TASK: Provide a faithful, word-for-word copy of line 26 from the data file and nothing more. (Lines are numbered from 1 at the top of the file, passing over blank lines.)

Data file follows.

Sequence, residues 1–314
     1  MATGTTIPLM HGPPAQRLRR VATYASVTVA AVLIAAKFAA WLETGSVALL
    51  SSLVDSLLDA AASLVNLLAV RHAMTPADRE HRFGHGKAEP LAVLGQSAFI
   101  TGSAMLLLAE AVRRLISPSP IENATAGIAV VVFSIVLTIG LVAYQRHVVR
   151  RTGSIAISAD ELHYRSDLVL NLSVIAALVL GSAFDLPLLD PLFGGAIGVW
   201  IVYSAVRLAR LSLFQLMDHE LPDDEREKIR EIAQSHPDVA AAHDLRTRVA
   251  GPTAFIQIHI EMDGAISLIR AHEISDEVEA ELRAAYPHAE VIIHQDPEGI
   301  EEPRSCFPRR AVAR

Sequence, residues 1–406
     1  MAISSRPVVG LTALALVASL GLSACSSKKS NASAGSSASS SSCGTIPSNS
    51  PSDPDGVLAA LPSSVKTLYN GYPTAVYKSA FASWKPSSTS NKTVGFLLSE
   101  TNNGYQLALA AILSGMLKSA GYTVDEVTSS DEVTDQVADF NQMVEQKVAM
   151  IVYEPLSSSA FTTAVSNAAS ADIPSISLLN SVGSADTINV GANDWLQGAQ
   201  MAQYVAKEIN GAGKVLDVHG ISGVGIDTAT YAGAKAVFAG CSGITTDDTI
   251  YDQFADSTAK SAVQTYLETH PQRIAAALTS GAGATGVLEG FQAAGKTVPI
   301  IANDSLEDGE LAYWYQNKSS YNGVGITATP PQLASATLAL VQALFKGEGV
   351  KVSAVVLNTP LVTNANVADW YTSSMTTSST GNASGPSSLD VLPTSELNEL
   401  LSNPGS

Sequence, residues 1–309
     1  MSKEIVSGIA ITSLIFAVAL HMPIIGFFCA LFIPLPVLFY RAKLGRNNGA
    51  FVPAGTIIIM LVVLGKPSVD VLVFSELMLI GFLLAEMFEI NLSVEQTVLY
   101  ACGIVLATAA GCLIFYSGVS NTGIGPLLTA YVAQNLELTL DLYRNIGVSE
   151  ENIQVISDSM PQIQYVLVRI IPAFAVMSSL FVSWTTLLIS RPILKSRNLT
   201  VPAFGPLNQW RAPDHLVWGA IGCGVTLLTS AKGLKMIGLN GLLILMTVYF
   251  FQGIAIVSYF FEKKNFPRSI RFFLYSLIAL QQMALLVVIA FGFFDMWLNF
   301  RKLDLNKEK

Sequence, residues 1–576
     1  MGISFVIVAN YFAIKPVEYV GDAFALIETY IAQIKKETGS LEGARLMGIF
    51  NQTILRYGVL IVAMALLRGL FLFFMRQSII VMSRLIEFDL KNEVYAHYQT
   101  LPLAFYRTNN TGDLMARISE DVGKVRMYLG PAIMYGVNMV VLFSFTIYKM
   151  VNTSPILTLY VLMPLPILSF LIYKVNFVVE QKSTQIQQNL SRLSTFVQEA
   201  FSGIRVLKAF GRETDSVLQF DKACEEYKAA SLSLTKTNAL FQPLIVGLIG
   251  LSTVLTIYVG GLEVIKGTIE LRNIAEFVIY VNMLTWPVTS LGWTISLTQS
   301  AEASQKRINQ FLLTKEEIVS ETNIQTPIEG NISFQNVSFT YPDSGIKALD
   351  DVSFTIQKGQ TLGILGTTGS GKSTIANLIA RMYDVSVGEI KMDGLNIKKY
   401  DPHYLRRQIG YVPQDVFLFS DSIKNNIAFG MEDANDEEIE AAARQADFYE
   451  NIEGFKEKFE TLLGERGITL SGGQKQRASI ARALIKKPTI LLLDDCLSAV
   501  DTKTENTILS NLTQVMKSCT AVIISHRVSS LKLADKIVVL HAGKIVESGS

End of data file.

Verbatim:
   301  RKLDLNKEK